That just won't happen if we're following RFCs for MX lookups by the SMTP service.

> your SOA on your secondary MX record IP may have had a longer retry for example

The SOA Record is used to indicate which server is Primary for a given domain. The Retry Interval (in the SOA) has no impact on anything to do with MX Records. It is used by Secondary DNS Servers to figure out when they should retry a Zone Transfer after a transfer has failed.

> What is the nature of MX Records?

It's this one:

1) All mail is directed to primary unless primary is unreachable.

But it gets hazy when you try to define "unreachable". You cannot control the network between the sender and your server. Adverse network conditions may cause a connection failure (or a slow connection), and in that instance it will fall onto the next MX.

If everything was perfect then your primary MX would get all the mail, but it just isn't ever perfect. As such, all servers listed in the MX record should be able to handle inbound mail for a domain, either for direct delivery or further routing.

> seemed to think that with a priority of 0 all email will go to the primary

Makes no difference. The lowest numeric value is preferred, but 0 doesn't have a special function here (if we're following RFCs).

The process is defined here in RFC 2821 under "5. Address Resolution and Mail Handling":

http://www.ietf.org/rfc/rfc2821.txt

With a bit of quoting...

   "To provide reliable mail transmission, the SMTP client
   [(the sending server)] MUST be able to try (and retry)
   each of the relevant addresses in [the MX] list in order,
   until a delivery attempt succeeds."

And:

   "Multiple MX records contain a preference indication that MUST be used
   in sorting (see below).  Lower numbers are more preferred than higher
   ones."

Chris
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Assisted Solution

by:Adraenyse
Adraenyse earned 200 total points
ID: 24433680
I'll clarify my point about SOA records. His secondary is using a different domain name than his primary. If the host who is sending him email happens to have an expired cache or no cache for the primary, but happens to still have a cached record for the secondary, the host may prefer the secondary since it already holds the record. Again, it all comes down to however the sysadmin on the hosts end has chosen to setup the DNS server.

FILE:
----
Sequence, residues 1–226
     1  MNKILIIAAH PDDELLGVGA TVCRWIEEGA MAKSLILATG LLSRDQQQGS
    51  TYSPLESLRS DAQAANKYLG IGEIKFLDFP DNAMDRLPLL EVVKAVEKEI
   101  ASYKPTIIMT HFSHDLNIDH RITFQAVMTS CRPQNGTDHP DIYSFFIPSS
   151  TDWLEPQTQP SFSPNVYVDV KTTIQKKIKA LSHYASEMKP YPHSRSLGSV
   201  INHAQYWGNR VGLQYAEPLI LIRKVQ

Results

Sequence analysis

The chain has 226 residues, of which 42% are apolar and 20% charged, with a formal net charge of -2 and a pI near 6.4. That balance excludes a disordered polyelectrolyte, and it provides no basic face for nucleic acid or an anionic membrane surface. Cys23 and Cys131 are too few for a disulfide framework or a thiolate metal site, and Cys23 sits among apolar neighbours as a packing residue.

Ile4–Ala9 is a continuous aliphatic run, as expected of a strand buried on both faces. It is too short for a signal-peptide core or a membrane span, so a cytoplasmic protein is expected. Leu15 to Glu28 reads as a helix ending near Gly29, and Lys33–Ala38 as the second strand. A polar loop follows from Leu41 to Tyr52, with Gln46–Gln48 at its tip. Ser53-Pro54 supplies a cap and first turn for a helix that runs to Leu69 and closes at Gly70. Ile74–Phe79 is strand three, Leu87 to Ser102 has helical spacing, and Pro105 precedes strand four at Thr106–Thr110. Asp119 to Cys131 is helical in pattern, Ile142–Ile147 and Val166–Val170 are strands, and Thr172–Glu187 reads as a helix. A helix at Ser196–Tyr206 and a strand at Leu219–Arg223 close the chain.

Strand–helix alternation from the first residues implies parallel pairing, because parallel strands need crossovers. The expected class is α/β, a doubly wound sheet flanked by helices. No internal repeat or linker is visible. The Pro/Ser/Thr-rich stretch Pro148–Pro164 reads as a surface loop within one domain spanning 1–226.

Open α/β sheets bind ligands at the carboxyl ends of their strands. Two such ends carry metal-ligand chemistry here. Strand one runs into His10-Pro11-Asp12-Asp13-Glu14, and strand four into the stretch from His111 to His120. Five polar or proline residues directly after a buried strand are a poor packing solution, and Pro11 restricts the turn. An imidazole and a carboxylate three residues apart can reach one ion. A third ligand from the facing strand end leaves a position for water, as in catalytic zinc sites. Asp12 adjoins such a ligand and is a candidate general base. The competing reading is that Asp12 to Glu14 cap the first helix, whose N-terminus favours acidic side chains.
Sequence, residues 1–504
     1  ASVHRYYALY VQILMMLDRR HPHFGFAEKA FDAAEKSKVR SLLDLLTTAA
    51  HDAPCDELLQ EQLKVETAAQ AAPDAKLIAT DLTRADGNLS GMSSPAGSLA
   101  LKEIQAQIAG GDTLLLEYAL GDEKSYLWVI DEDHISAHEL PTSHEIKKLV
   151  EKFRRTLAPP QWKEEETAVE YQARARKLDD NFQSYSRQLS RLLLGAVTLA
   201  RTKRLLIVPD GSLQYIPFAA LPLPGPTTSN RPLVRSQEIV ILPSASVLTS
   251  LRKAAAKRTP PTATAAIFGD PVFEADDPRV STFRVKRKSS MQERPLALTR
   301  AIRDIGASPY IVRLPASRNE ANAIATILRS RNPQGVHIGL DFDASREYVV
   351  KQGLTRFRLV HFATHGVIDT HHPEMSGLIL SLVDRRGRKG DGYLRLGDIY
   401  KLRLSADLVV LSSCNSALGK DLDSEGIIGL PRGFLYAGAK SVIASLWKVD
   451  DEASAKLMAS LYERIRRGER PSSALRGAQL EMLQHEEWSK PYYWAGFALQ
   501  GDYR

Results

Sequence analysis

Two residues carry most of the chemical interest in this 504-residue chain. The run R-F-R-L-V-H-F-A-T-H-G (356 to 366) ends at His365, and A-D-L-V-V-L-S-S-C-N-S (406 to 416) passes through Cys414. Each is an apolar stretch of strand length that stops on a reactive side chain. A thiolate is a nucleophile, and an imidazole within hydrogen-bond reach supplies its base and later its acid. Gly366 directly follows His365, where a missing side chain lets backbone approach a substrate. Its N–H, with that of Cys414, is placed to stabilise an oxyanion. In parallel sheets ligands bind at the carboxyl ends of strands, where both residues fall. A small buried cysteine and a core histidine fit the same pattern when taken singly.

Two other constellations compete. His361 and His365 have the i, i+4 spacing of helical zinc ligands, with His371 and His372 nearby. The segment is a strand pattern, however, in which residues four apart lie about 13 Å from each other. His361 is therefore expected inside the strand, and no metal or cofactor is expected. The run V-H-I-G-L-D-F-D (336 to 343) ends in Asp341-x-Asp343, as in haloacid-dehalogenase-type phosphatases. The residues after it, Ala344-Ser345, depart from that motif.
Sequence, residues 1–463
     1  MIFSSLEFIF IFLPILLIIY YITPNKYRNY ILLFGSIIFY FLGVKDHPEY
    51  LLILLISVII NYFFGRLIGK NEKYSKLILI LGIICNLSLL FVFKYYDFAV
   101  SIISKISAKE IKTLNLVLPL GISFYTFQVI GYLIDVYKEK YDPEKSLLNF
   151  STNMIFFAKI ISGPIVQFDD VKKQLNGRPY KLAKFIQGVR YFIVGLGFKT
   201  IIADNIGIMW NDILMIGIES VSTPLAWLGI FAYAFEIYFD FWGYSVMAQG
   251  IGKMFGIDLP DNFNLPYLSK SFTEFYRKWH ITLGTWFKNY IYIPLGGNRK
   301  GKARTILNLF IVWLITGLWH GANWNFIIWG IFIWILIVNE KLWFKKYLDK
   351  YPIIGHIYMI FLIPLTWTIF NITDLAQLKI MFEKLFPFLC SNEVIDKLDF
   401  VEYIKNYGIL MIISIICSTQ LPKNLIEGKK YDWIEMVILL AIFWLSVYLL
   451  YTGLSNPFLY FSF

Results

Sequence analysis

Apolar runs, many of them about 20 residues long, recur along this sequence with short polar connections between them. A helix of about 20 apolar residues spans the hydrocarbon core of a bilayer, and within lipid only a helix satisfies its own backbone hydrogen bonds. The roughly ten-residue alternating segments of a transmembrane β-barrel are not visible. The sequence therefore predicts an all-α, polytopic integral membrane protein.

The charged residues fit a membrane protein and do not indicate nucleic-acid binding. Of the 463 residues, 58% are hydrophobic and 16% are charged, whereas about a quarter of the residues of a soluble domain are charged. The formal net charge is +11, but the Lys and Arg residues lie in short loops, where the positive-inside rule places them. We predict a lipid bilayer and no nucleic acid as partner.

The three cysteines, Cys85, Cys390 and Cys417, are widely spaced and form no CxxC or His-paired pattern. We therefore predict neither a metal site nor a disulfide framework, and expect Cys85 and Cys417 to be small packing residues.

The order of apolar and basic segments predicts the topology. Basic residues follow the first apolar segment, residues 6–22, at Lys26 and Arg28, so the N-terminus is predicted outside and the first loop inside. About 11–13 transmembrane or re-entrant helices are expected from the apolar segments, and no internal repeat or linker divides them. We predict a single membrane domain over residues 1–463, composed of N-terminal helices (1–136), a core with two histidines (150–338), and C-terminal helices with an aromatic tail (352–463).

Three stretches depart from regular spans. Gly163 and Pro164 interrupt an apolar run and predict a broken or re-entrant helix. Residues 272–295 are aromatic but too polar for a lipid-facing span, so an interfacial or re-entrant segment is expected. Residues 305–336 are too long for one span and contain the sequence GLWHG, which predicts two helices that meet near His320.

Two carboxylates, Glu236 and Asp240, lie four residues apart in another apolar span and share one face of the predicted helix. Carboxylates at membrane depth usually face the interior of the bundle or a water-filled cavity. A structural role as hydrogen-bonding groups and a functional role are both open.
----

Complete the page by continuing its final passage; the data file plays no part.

Setting a priority of 0 will have no effect vs. a priority of 10, other than it is still lower and in theory the preferred server. As Chris quoted above, the mail server will try them all in order until it gets a delivery confirmation -- so 0 or 10, it will still be looked up first, tried first, fail first, etc. under conditions where servers are programmed to follow RFC rules.

All this RFC quoting aside... your original question was "I was under the assumption that only the primary MX record would be used unless it were offline. The answer is in my first comment: "If you have two MX's listed, you'll get mail across both of them, even if the primary is up."

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LVL 70

Expert Comment

by:Chris Dent
ID: 24434608

> the host may prefer the secondary since it already holds the record.

It shouldn't, that would breach the RFC that defines the process for the use of MX records.

I don't object to your summary, I agree with it. I disagree with the reasoning given for it to fail over to the secondary server, but that's by-the-by really.

Chris
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Author Closing Comment

by:omfgwtflolbbq
ID: 31583779
Finally the discussion I was after.  Thankyou for citing references and examples.  My experience is that RFC's aren't being followed and mail is delivered across all MX records.